Wednesday, March 17, 2010

Patt Morrison for Thursday, 3/18/10


Thursday, March 18, 2010

1-3 p.m.





1:06 – 1:39

Health care free-for-all:  Will they pass it, what is it exactly, and how many casualties will there be?

This weekend promises to be the final, ultimate showdown on health care reform, as Congress prepares to vote on the Senate reform bill.  Before even one vote is cast the angry and bitter recriminations have already been flying back and forth across the political aisle:  Republicans accuse Democrats of dirty tricks, by using sneaky parliamentary tactics to avoid a straight-forward, up-or-down vote on reform; Democrats accuse Republicans of blatant partisanship, scoring political points without offering any viable reform alternatives.  And yesterday the fight spilled out of D.C. and into state capitals, when as many as 38 states (most lead by Republican governors) are threatening to sue the federal government if people are forced to buy health insurance.  We bring the bar room brawl to our airwaves and paint as clear of a picture as possible of the coming future of health care reform.




Rep. Brad Sherman, D-California’s 27th District

Rep. Mike Thompson, D-California’s 1st District

Rep. Henry Waxman, D-California’s 30th District; Chairman of the House Committee on Energy & Commerce

Rep. Bill Pascrell, D-New Jersey’s 8th District

Rep. Paul Broun, M.D. R-Georgia’s 8th District

Rep. Mike Pence, R-Indiana’s 6th District; Chair of the House Republican Conference

Rep. David Dreier, R-California’s 26th District; Ranking Republican of the House Rules Committee

Rep. Tom Price, M.D. R-Georgia’s 6th District: Chair of the House Republican Study Committee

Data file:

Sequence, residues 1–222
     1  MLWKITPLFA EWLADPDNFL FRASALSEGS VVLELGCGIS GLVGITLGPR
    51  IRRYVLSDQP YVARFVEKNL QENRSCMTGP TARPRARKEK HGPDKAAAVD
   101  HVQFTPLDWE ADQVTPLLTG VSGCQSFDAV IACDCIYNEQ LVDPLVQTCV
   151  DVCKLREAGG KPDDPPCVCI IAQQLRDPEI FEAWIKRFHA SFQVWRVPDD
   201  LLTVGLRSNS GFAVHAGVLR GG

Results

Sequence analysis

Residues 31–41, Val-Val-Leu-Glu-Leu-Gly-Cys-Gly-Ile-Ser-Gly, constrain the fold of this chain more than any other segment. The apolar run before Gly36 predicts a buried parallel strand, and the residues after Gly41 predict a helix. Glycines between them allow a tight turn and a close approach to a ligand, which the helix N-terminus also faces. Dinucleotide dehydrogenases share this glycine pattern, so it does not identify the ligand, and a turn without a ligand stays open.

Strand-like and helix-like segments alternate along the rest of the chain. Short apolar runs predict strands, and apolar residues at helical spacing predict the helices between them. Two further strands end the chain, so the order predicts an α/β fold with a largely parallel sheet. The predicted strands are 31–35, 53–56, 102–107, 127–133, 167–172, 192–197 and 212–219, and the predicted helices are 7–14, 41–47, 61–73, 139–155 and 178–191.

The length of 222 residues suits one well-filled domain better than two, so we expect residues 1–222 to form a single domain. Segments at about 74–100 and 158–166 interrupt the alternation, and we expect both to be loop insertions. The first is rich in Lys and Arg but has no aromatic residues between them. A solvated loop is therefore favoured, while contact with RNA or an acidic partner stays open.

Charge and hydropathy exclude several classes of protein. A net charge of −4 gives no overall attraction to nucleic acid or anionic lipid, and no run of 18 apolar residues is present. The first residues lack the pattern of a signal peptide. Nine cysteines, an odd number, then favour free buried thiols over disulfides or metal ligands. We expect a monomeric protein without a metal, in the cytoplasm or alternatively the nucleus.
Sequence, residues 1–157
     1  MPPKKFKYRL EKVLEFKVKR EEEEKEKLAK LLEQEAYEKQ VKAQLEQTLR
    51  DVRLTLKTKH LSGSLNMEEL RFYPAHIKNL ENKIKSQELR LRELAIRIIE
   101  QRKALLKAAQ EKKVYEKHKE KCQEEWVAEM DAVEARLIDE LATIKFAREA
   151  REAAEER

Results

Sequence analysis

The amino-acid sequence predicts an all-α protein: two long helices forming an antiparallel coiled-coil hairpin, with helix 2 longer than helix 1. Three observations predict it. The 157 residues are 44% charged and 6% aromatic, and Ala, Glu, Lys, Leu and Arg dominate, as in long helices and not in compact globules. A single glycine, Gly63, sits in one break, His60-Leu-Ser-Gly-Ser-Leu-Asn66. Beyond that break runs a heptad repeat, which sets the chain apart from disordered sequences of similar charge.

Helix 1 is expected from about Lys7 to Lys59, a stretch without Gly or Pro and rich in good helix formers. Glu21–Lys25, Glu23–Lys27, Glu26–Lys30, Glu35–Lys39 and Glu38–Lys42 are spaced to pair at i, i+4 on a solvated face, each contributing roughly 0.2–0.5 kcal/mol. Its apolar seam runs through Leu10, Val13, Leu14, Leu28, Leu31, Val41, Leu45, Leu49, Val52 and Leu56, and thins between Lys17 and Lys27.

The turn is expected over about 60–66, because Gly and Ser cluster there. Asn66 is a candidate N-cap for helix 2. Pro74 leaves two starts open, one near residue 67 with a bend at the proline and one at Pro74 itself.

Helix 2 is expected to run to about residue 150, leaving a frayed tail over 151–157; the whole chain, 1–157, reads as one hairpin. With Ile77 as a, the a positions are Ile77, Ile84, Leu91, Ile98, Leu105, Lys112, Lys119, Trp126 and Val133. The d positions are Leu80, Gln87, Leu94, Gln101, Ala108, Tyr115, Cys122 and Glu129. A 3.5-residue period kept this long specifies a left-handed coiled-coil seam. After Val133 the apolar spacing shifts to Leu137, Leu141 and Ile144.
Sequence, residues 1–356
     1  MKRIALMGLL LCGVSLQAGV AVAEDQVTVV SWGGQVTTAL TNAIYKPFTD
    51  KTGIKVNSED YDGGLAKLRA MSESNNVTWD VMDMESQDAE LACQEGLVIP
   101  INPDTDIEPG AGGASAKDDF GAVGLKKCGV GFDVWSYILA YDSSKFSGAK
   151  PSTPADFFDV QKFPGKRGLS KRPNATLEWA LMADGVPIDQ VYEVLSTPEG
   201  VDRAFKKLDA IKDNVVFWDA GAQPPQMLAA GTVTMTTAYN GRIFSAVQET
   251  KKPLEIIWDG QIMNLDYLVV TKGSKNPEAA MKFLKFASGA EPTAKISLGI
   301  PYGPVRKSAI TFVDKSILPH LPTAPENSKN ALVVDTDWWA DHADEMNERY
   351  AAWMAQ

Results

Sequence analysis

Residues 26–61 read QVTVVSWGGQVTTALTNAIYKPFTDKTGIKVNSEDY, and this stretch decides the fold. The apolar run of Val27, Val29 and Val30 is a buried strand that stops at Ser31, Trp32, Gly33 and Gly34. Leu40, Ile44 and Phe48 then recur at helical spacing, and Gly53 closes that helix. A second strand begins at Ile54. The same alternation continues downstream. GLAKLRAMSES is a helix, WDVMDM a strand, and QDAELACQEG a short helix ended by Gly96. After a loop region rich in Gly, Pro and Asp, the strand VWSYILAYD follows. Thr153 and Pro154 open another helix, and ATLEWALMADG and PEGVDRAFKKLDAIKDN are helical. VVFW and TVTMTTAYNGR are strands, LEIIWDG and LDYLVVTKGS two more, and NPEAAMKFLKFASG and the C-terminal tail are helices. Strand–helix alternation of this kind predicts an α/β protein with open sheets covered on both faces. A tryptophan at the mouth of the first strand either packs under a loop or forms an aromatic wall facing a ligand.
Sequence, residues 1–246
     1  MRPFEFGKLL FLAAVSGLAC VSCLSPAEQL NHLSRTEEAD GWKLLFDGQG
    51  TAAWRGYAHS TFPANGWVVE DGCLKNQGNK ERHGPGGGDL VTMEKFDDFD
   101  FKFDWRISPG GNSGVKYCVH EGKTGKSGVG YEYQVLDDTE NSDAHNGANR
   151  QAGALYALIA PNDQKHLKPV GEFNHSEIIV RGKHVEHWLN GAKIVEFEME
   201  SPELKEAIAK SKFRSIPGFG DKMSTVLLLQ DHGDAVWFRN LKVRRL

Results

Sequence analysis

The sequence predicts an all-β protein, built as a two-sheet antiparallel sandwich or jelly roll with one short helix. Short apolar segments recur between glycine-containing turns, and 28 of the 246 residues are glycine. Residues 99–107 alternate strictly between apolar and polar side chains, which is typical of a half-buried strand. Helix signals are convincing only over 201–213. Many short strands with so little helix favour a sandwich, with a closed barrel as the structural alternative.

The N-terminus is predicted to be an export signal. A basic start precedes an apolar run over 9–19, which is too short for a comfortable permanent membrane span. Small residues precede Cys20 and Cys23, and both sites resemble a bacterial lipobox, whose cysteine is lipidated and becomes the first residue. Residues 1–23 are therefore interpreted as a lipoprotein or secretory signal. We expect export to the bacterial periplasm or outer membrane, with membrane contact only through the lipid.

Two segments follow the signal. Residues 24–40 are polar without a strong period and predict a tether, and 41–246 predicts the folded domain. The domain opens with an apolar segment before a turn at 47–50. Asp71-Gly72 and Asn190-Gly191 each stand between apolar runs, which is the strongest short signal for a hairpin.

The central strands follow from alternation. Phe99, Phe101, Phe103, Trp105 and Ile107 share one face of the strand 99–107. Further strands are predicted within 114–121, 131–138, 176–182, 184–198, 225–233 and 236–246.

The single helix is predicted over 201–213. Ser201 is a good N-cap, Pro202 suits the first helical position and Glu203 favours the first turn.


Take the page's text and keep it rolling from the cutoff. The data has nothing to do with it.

1:41 – 1:58:30

So Much for That

So much for that is a phrase we hear often in life. Author Lionel Shriver explores that notion in a book named after the phrase. In the book, Shep Knacker has been saving for his retirement for years… but when the time finally comes to get out of the U.S. and move to a small island of the coast of Africa, his plans tumble to the ground. His wife of 26 years is diagnosed with a rare form of cancer that will no doubt cost a fortune. On top of that, he’s already sold his company and now must remain on as a lower level employee. Lionel Shriver joins us in the studio to discuss the real world issues that inspired the story and might leave us all saying, so much for that.



Lionel Shriver, author of “So Much for That”




2:06 – 2:30

Can removing a breast prevent breast cancer?

What would you do to prevent breast cancer? Would you have a healthy breast removed even if there was no evidence that it helped? It seems the percentage of women who volunteer for a double mastectomy reached 6% in 2006, more than doubling the number from before. But a recent study by the Journal of the National Cancer Institute found that in most women, having a healthy breast removed didn’t effect long-term survival. Some patients just don’t want to face the possibility of going through treatment again, but others may have been mislead by plastic surgeons who want the extra dollar. Without all the facts, a woman may make an emotional and hasty decision about breast reconstruction and removal. Dr. Susan Love clears up some of the confusion about the  efficacy of breast removal for cancer prevention.